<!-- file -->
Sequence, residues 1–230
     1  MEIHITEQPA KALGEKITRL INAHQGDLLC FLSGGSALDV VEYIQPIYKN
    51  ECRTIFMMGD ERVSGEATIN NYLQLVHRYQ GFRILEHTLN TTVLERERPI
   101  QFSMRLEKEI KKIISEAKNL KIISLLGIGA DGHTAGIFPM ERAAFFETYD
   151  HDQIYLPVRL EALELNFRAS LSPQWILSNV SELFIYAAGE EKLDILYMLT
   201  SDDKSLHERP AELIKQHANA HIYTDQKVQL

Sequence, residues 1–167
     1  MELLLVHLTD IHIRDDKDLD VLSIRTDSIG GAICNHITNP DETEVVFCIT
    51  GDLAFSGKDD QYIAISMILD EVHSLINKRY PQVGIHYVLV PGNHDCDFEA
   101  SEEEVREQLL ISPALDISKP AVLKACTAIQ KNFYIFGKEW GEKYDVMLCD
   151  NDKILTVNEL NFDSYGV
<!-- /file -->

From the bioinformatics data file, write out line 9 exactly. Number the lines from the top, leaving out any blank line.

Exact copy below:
    51  GDLAFSGKDD QYIAISMILD EVHSLINKRY PQVGIHYVLV PGNHDCDFEA